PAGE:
Downtown Denver and Speer Boulevard are pictured on November 11, 2019. (Andy Colwell, Special to The Colorado Sun)

 A Denver urban camping ban enacted in 2012 constitutes cruel and unusual punishment against the homeless and is unconstitutional, a judge ruled Friday.

Denver County Judge Johnny C. Barajas cited a decision last year from the 9th U.S. Circuit Court of Appeals that struck down a ban on camping in public places in Boise, Idaho, The Denver Post reported.

The U.S. Supreme Court declined this month to hear an appeal of that decision.

Denver officials didn’t immediately respond to Friday’s decision. But the Post reported that an appeal is likely.

Ryan Luby, a city attorney’s spokesperson, described the ordinance last week as “carefully crafted and thoughtfully enforced.”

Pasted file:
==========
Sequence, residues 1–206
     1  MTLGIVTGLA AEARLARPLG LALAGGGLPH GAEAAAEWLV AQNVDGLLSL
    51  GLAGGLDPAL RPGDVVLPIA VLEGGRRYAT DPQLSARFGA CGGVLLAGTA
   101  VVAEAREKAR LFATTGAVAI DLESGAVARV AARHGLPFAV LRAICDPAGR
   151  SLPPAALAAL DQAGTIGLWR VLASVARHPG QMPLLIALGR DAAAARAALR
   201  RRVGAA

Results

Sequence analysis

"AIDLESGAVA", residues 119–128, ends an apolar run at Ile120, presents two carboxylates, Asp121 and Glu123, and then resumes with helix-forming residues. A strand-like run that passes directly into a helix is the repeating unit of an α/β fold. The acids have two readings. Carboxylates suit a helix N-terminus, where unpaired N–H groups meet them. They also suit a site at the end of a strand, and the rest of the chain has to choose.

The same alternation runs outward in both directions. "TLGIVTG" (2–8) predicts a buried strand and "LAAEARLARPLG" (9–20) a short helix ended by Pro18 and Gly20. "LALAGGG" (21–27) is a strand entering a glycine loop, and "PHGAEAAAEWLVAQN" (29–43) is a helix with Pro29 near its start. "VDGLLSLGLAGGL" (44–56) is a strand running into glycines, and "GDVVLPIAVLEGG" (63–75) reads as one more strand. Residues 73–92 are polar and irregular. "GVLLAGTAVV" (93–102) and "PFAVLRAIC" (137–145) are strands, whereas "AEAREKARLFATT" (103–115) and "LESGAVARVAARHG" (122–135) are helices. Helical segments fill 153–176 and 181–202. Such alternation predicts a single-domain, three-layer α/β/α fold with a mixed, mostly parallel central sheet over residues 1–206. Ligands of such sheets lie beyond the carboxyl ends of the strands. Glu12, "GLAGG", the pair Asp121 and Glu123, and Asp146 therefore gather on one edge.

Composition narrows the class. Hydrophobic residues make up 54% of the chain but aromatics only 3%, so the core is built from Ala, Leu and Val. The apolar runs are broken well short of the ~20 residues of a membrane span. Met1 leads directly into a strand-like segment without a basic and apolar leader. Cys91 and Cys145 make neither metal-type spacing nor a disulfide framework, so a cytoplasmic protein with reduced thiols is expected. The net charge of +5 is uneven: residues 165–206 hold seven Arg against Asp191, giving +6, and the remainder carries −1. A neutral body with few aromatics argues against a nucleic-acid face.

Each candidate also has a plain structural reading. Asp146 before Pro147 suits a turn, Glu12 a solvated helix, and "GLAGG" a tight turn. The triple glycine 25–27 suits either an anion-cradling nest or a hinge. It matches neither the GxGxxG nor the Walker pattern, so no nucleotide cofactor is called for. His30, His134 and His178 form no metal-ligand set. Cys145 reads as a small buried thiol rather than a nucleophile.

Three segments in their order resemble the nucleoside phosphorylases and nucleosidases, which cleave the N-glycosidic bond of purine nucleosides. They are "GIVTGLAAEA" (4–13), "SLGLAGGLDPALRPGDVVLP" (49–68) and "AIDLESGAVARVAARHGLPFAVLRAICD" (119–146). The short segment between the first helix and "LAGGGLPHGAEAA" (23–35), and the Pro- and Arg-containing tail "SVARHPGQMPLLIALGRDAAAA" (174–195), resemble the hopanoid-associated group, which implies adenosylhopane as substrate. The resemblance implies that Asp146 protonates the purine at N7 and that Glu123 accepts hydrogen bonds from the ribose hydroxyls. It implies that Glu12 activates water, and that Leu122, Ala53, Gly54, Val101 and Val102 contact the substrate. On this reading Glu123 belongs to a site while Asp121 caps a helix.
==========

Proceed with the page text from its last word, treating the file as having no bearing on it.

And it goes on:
City voters rejected a ballot measure in May that would have overturned the camping ban.

In his decision, Barajas granted a motion by Jerry Burton, a homeless advocate, to dismiss a ticket he received for violating Denver’s ban.

The judge also cited the 9th Circuit decision written by Judge Marsha Berzon.

“As long as there is no option of sleeping indoors, the government cannot criminalize indigent, homeless people for sleeping outdoors, on public property, on the false premise they had a choice in the matter,” Berzon wrote.